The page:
Random MAC Addresses for Better Wi-Fi Security and Privacy
Internet privacy is becoming a large concern, as more and more devices are getting directly or indirectly connected to the Internet. Recently, the IETF and IEEE 802 announced the successful completion of three experimental mobile privacy trials – and an InterDigital engineer was a key part of it.
The IEEE 802 Privacy Executive Committee Study Group identified privacy issues related to the use of globally-unique media access control (MAC) addresses in over-the-air communications like Wi-Fi, and the risk that long-lived identifiers such as MAC addresses pose to the exposure of users to unauthorized tracking. Juan Carlos Zuniga, Principal Engineer at InterDigital’s Montreal R&D center, serves as chair of the study group, which proposed a solution to this privacy issue and embarked on experiments to study the implications of the solution. Earlier this week, Juan Carlos provided interviews to several wireless tech media outlets on the group’s work and recommendations for better security and privacy.
Concern arises from the fact that MAC addresses can become privacy risks by exposing users to unauthorized tracking. The uniqueness of the identifier and lack of encryption enables an easily made connection between the identifier and the user. “So you can identify the walking path, where they work, where they live, what their likely income is, what their age range is, in a scarily easy way,” Juan Carlos told CSO’s Maria Korolov. The IEEE Study group proposed the solution to update the Wi-Fi protocol to use randomly generated MAC addresses to increase security and privacy. Juan Carlos told Maria that he hopes to see his group’s recommendations incorporated in the next version of the 802.11 standard.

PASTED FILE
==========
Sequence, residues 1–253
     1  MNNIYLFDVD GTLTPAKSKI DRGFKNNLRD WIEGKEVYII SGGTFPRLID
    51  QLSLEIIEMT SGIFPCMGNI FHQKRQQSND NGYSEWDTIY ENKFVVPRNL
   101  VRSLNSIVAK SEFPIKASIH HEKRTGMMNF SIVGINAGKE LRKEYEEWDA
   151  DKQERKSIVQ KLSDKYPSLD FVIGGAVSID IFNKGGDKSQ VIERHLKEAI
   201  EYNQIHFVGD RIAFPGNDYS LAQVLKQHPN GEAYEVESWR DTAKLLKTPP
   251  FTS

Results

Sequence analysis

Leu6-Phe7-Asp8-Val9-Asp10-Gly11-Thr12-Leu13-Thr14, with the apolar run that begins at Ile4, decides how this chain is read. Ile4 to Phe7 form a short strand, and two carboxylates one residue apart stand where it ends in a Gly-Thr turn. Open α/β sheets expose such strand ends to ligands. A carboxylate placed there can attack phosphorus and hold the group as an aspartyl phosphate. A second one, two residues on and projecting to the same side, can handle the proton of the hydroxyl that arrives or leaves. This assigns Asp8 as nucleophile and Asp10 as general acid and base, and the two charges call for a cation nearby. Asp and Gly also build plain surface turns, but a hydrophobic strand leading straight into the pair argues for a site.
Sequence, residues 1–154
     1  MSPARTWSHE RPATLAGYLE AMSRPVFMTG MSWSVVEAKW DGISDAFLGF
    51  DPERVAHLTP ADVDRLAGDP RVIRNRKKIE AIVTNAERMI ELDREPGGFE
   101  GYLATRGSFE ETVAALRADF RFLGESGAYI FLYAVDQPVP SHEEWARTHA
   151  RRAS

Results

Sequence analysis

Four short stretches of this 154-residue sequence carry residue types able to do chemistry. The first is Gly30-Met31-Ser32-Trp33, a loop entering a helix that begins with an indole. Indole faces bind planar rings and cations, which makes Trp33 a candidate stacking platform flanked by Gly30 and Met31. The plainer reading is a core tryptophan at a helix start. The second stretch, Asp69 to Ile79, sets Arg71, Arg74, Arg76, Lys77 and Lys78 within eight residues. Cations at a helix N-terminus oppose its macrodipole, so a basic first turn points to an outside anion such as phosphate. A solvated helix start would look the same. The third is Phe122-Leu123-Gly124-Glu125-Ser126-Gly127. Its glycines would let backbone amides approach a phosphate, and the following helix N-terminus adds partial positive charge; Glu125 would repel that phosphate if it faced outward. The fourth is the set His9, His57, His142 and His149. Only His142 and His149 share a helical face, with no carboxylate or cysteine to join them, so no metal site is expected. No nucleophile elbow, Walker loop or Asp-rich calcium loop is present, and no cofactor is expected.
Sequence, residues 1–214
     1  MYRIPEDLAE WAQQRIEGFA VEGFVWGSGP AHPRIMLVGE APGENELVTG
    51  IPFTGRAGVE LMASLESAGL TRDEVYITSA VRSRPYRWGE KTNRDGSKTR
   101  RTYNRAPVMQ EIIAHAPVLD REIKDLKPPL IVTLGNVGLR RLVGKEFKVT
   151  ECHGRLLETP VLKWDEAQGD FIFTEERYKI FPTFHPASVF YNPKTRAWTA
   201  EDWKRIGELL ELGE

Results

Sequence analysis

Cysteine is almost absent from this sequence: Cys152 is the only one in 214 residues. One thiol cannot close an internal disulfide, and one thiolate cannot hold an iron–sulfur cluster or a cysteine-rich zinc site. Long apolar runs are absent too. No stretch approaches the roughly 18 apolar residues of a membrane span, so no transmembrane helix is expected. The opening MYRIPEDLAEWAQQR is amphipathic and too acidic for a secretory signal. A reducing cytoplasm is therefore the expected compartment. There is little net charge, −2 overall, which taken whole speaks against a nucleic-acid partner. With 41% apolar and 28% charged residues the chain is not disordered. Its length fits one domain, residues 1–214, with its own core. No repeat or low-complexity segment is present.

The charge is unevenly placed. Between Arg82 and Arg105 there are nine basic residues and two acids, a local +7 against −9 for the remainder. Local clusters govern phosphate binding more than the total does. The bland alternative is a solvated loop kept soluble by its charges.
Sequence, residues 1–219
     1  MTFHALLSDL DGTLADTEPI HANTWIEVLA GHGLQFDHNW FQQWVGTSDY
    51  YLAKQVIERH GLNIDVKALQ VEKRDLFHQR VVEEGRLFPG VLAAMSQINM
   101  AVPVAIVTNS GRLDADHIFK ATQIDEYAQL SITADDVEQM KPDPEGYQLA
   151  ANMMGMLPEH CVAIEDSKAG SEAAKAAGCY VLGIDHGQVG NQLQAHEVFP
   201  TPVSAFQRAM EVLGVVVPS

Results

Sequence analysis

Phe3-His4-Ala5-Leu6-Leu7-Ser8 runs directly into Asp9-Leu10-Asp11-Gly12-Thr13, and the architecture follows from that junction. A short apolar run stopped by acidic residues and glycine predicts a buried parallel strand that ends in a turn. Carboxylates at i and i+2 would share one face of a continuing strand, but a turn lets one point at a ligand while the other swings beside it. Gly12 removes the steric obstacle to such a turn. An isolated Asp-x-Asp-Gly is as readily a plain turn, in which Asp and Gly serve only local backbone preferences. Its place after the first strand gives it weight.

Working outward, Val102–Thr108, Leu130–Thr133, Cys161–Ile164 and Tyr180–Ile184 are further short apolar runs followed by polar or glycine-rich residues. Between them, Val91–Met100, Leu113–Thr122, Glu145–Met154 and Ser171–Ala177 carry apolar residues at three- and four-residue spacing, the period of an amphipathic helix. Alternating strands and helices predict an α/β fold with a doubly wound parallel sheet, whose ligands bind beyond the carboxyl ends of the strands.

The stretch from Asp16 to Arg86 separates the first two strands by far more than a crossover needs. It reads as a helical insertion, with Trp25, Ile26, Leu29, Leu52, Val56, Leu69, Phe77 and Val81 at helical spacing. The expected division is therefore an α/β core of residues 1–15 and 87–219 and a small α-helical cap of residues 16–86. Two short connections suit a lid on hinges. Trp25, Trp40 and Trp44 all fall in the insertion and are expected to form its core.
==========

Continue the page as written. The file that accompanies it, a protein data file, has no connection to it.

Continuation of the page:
In the FierceWirelessTech article, “IEEE Study Group Recommends Improvements in Wi-Fi Security,” Juan Carlos explains that while the recommendation for randomized MAC addresses seems straightforward, there are still implications for commercial and enterprise networks. For example, a hotel may tie the identifier to an account so that the system can track that a guest has paid for their 24-hour Wi-Fi Service. If the identifier is changed, the system may try to charge a guest again. Juan Carlos clarifies that the IEEE group would want to avoid those types of things from happening.